Port Arthur Historic Site (Port Arthur)#5 in Best Things To Do in Tasmania
For a dose of Australian history, make your way to the Port Arthur Historic Site. Built in 1830 as a timber station and penal settlement for Britain's criminals, the property expanded over the years to accommodate more than 3,500 convicts across nearly 250 acres. Today, it's one of 11 locales that make up the UNESCO World Heritage-listed Australian Convict Sites and welcomes visitors daily.
History buffs rave about this Port Arthur attraction, saying it's one of Australia's most well-preserved landmarks. Many also praise the site's "beautiful" location by Carnarvon Bay and recommend saving time for the property's 25-minute harbor cruise, which is included in your entrance fee. To further immerse yourself, some recommend going on an evening ghost tour.
The Port Arthur Historic Site is open from 9 a.m. until sunset daily. Standard tickets cost 39 Australian dollars (about $31) for adults, AU$17 (less than $13.50) for kids ages 7 to 17, and AU$99 (roughly $78) for families with one or two adults and up to six children. Entry is free for kids 6 and younger and travelers who hike the Three Capes Track. Passes are valid for two consecutive days and include a 40-minute guided walking tour, a harbor cruise and access to more than 30 historic buildings. Specialty tours of the cemetery and Point Puer Boys' Prison, as well as ghost tours cost extra. You can also pay AU$6 for an audio guide. All ticketholders have access to a coffee shop, restrooms and two gift shops, plus a free parking lot. If you don't have a car, you can take Tassielink Transit's No. 750 or 751 bus to the site. You'll find the Port Arthur Historic Site approximately 60 miles southeast of Hobart. Find out more by visiting the property's website.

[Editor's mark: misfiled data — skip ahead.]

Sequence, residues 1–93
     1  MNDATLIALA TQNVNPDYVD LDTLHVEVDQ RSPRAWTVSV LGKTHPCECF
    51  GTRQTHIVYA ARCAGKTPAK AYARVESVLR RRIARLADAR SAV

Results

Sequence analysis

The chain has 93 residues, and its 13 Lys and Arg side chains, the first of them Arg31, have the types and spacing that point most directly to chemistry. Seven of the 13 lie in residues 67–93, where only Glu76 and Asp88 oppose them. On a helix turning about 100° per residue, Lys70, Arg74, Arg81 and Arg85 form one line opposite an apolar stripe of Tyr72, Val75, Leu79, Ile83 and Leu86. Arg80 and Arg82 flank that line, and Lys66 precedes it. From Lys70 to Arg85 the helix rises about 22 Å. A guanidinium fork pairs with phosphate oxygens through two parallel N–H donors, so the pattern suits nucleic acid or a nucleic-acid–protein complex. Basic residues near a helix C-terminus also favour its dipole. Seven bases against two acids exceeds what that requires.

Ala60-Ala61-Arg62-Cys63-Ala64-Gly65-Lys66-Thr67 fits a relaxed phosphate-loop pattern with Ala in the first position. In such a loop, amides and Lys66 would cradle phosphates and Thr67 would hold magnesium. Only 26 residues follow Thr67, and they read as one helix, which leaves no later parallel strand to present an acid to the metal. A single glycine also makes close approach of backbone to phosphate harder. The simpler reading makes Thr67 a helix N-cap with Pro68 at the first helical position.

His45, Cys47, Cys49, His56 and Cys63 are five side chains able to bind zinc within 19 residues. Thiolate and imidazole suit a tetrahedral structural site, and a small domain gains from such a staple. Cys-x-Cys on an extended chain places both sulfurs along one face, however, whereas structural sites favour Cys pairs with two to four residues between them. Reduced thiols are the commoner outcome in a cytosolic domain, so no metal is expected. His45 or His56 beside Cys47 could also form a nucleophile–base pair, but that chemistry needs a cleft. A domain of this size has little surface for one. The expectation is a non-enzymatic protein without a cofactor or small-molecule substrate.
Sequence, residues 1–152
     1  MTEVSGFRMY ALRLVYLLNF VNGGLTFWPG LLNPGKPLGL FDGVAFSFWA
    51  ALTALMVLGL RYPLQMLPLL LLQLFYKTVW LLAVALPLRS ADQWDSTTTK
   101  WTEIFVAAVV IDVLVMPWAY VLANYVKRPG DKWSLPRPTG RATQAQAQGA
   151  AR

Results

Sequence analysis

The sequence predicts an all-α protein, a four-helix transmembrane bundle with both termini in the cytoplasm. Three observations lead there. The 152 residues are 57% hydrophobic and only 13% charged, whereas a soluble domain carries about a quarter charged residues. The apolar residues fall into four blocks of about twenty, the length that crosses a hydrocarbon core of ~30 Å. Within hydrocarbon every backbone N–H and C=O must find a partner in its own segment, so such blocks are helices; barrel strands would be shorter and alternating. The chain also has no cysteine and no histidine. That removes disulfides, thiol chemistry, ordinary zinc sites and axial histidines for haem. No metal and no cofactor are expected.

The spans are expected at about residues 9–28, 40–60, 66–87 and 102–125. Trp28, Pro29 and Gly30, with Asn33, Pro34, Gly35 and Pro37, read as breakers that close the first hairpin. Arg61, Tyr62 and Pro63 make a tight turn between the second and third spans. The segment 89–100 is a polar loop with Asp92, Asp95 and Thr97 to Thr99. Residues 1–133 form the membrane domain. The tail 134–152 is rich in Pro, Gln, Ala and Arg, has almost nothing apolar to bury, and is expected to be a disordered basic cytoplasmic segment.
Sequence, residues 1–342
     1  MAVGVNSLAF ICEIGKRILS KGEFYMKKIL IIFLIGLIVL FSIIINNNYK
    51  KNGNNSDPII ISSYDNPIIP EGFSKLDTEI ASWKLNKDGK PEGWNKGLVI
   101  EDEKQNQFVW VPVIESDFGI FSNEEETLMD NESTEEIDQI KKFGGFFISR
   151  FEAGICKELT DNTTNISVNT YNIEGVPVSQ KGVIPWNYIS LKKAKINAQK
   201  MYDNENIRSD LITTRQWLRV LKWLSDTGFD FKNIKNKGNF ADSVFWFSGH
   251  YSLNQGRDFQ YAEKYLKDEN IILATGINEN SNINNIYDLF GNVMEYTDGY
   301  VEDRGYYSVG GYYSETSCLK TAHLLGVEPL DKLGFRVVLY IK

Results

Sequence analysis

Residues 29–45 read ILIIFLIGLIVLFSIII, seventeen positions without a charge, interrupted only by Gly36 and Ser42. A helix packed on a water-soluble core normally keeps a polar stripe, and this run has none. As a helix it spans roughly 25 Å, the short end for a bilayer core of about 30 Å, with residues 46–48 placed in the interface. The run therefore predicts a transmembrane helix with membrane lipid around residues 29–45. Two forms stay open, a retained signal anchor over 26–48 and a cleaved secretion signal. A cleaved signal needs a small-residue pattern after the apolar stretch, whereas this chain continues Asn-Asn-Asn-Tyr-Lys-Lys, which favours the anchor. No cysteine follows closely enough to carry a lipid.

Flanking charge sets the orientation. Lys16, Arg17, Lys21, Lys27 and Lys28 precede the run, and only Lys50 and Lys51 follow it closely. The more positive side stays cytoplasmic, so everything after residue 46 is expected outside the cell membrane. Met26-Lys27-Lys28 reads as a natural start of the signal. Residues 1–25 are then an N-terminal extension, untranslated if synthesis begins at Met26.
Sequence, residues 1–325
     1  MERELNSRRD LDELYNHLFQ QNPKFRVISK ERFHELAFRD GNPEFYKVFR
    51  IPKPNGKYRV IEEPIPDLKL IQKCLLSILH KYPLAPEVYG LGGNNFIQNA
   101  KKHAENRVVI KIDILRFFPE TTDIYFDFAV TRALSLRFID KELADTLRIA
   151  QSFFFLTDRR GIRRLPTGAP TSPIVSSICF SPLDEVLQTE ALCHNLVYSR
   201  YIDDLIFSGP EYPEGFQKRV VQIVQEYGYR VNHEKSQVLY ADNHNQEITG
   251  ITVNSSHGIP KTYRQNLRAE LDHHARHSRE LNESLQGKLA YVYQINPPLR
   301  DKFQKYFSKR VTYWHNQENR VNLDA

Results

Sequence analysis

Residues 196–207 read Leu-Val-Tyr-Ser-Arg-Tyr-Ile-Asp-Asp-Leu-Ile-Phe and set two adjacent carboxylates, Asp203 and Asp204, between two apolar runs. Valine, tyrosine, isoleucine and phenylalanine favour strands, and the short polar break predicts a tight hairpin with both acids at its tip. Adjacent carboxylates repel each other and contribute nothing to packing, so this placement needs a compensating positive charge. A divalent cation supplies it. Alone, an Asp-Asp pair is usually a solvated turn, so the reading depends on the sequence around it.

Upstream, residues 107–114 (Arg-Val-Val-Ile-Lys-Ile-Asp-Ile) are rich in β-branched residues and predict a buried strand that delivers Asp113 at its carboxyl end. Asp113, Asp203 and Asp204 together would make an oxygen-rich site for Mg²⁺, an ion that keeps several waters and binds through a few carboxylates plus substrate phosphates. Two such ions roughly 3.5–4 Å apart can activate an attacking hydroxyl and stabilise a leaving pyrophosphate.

More Best Things To Do in Tasmania
#1 Freycinet National Park (Coles Bay)
Occupying a peninsula just south of Coles Bay, Freycinet National Park is a prime spot for bird-watching, camping and scenic drives. The park also features white-sand beaches surrounded by pink granite peaks that are just as popular with photographers as they are with swimmers, kayakers and snorkelers. If you'd rather hike while exploring this protected area, you'll find multiple trails for short, half-day and overnight hikes on-site.
Visitors rave about this national park's scenery, adding that locales like Wineglass Bay and Hazards Beach are so breathtaking that you could spend several hours admiring your surroundings. If you're short on time or new to hiking, travelers recommend trekking the Wineglass Bay Lookout path; for a more challenging hike, several suggest taking the path to Mount Amos. Reviewers also rave about the sunsets at Honeymoon Bay and Cape Tourville's lighthouse.
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